Université de Strasbourg

Albert Weixlbaumer

Biography - Albert Weixlbaumer

Institute of Genetics and Molecular and Cellular Biology (IGBMC), University of Strasbourg, CNRS and Inserm, France

Albert Weixlbaumer, USIAS Fellow 2022Albert Weixlbaumer studied molecular biology at the University of Vienna, Austria. In 2004, he moved to the UK to join the group of Venki Ramakrishnan (Nobel Prize in Chemistry 2009) at the MRC Laboratory of Molecular Biology in Cambridge for his doctoral studies on the mechanism of protein synthesis. In 2008, he moved to the laboratory of Seth A. Darst for his postdoctoral research on the mechanism of transcription at the Rockefeller University in New York, USA. Dr. Weixlbaumer subsequently joined the IGBMC in 2014 to set up his own lab. He obtained a research scientist position at CR1 level (now CRCN) at the French National Institute of Health and Medical Research (Inserm) in 2014, and was promoted to research director in 2021 (DR2 level).

Albert Weixlbaumer’s lab addresses the regulation of transcription of RNA from DNA by RNA polymerase (Guo et al., Mol. Cell 2018; Abdelkareem et al., Mol Cell 2019; Zhu et al., Nat Comms 2022) as well as the interplay of macromolecular machineries involved in different aspects of gene expression (Webster et al., Science 2020). The team uses a combination of biochemistry and structural biology. The main focus is to use single particle cryo-EM and understand mechanistic aspects of the enzymes, which carry out gene expression. The lab was supported by the ATIP-Avenir program, an ERC Starting Grant, and by the French National Research Agency (ANR). Dr. Weixlbaumer was awarded the Prix Guy Ourisson 2018 by the Cercle Gutenberg, and the French research Coups d’élan prize by the Fondation Bettencourt-Schueller in 2021.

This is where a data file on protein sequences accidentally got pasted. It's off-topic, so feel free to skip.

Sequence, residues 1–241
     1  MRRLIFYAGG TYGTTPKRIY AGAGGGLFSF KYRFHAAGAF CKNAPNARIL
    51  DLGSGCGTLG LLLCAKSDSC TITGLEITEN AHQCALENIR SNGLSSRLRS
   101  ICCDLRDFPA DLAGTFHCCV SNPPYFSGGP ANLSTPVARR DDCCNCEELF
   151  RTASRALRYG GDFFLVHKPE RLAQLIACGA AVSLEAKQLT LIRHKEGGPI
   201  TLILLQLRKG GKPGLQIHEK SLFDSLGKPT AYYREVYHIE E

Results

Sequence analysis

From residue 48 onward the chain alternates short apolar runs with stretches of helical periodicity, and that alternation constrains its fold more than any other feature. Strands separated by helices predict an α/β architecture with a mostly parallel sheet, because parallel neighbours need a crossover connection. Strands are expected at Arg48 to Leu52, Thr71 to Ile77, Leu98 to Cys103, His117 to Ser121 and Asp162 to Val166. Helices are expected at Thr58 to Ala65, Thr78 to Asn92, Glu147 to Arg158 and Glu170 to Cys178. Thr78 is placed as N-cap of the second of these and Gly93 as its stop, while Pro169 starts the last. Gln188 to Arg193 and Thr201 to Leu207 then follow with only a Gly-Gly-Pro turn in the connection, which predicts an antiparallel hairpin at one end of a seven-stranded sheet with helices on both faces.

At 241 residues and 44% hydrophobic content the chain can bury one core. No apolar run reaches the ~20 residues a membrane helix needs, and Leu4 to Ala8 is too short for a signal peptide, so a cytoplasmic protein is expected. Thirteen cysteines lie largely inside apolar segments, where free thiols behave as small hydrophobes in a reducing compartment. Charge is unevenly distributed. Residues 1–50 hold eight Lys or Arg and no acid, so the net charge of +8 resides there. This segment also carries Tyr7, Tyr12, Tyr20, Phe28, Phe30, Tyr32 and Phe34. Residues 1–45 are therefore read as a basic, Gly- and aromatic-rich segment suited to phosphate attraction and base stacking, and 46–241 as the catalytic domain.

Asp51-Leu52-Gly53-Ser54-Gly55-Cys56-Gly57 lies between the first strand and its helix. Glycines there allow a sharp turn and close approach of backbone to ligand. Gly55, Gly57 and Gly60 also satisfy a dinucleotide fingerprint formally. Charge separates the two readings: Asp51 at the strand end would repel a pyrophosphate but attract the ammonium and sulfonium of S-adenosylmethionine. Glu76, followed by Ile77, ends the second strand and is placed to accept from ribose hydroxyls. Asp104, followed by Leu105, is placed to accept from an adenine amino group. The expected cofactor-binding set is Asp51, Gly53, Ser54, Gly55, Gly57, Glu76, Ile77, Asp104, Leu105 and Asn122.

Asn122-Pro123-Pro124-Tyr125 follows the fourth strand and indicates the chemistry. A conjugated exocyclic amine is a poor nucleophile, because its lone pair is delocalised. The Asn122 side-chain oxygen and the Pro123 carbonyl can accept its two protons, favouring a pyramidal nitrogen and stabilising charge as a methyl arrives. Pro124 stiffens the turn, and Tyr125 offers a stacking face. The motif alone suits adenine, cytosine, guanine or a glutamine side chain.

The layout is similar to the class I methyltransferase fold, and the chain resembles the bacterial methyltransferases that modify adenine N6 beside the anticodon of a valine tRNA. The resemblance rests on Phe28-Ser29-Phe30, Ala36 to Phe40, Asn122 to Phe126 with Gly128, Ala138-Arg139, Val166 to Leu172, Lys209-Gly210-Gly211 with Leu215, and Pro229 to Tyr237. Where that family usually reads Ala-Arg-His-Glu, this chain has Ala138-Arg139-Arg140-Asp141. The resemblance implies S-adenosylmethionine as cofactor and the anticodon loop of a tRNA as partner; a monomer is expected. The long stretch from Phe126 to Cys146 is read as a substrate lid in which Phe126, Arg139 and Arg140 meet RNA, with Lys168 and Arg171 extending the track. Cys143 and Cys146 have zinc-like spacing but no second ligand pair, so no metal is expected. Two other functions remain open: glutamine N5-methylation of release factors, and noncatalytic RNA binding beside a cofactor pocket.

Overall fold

Project - The coupling of transcription and mRNA splicing

01/06/2022 - 31/05/2024

Gene expression is the first step to convert genotype to phenotype and it has to be tightly regulated. In complex organisms such as humans, gene expression occurs in three steps: 1) RNA polymerase II transcribes DNA to pre-mRNA; 2) pre-mRNA is processed to generate mature mRNA; and 3) mRNA is translated to protein by the ribosome.

In humans, mRNAs are transcribed as a mosaic of coding (exons) and non-coding (introns) sequences. Splicing, arguably the most critical aspect of pre-mRNA processing, removes introns and ligates exons to produce mature mRNAs, which are translated to protein. Splicing adds extra regulatory layers to gene expression. For example, mRNA splicing enables enormous proteome diversification because alternative splicing allows exon shuffling to produce different protein variants.

In vivo, splicing is carried out co-transcriptionally by a dynamic ribonucleoprotein particle called the spliceosome. The spliceosome assembles on the nascent pre-mRNA anew and is coupled to RNA polymerase II. RNA polymerase II 1) stimulates spliceosome assembly; 2) enables efficient splicing; and 3) plays decisive roles in the result of alternative splicing reactions. However, the mechanistic basis for any of these phenomena is not understood.

To close this gap, we will combine biochemistry and single particle cryo-EM to study the mechanism of co-transcriptional splicing. Using our expertise on large, dynamic complexes involved in gene expression, we will use purified components and nuclear extracts, which support splicing to assemble supramolecular complexes of RNA polymerase II and the spliceosome on different pre-mRNA substrates. We will study key reaction intermediates to understand how splicing occurs in the context of transcription, how RNA polymerase II stimulates splicing and how it affects the outcome of alternative splicing events. Our results will not only answer fundamental questions in biology but also provide the framework to develop strategies against erroneous splicing, which causes severe human diseases including many forms of cancer and neurodevelopmental disorders.


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